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Discussion Starter #1
Is it necessary to pay for Beta Readers?
Or is there a way to find writers of my genre to swap beta reads with?
I'd love to hear your thoughts.

 

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I've never paid for a beta reader. I don't ask other writers. I ask a reader. I have a couple that give me great feedback. They are not experts in grammar or sentence structure or anything like that. But they love my genre and give me the kind of feedback I need to improve my writing with regards to plot. It depends on what you are looking for with your Beta Readers. I wouldn't pay though.
 

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Discussion Starter #3
Sorry for the ALL CAPS, my brother just told me it appears as if I am yelling when I use all caps, so I will remember not to do that in the future.

So, how would I go about finding beta readers in my genre which is both YA and adult paranormal fiction?

Is there a way to leverage the readers who have bought something that I have already published? Is there a way to send an email blast to those who bought my first book?

Hmmm, thinking, thinking...
 

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You might have luck at the AbsoluteWrite forums. I haven't been active there for quite awhile, but last I knew they had a really active and helpful section for finding betas. And it's free, of course!
 

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I don't use beta readers (not for the big stuff because I don't have the time to pay the kindness back), but no, traditionally you aren't supposed to pay them for a read -- my understanding is that it's usually two writers who swap, or fans of a writer who are more than willing to volunteer.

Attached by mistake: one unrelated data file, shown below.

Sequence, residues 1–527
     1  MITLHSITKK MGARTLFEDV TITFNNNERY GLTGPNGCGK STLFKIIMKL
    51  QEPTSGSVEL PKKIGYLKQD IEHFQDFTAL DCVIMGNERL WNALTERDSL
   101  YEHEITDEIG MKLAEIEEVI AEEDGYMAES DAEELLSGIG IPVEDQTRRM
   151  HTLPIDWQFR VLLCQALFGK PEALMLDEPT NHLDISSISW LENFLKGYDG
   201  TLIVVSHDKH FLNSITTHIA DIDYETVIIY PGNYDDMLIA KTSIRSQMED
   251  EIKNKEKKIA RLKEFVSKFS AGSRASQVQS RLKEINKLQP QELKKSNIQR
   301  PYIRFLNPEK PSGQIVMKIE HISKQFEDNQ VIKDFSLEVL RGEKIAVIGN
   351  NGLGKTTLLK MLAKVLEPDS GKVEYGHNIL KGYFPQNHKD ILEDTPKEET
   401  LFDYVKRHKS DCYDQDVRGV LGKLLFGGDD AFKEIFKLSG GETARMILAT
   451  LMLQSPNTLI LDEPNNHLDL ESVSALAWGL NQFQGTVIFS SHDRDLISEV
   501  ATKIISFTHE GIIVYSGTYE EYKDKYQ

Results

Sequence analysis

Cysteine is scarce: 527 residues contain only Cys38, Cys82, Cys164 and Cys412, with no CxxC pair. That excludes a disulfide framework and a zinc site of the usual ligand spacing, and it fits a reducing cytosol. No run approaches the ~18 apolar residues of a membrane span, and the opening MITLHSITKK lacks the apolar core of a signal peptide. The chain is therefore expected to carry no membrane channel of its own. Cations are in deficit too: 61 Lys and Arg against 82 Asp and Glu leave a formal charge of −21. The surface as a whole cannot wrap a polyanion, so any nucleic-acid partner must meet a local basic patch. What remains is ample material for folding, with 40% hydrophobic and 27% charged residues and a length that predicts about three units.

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I have 7 beta readers for this novel. One is from Goodreads. 6 are friends. 4 are avid readers of the genre (urban fantasy), 1 doesn't read fantasy at all (but she's my best friend and would shoot me before being left out), and the final was my fiancé who also doesn't read urban fantasy but is addicted to its cousin epic fantasy.

So far they've all given me amazing feedback. I send a 6 page questionairre with my manuscript to make sure I get useful feeback. Not just "it was good" or "I like it" or "it could be better."

So far 4 of my readers have demanded to be brought back as betas for my next book. Because their feedback was so useful this time around I'll be delighted to use them again.

-None of my betas are writers they are readers of the genre which means they know what they like and have vast experience to draw from, which is AWESOME.
-None of my betas are paid.
- I will always use Goodreads to get 1 or 2 betas that I don't personally know. This gives me a feeling of confidence that they will be more harsh.
- I have only found ONE company that I believe I would use as a paid 3rd party beta read service. $75 for 75,000 word novel. I am keeping them in mind for the future but I am hoping to never need them.
 

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Lo Conner said:
traditionally you aren't supposed to pay them for a read -- my understanding is that it's usually two writers who swap, or fans of a writer who are more than willing to volunteer.
Those are great if you can find them. Established authors will have a mailing list of fans who are only too happy to beta read, although fans tend not to be critical. I've had some luck in the past from friends on a critique group, authors whose books I've reviewed in the past and Goodreads, but the results can be mixed. Fellow authors are very critical, and regular readers aren't always very detailed (with a beta read you want to know more than: yeah, I liked it). Plus, they aren't always very timely.

For my third book, I've had no luck getting volunteers, so I'm paying for three beta reads. That way, I know I'm getting a thorough critique, and it will be done quickly.

It's really difficult when you're just starting out, though. I sympathise.
 
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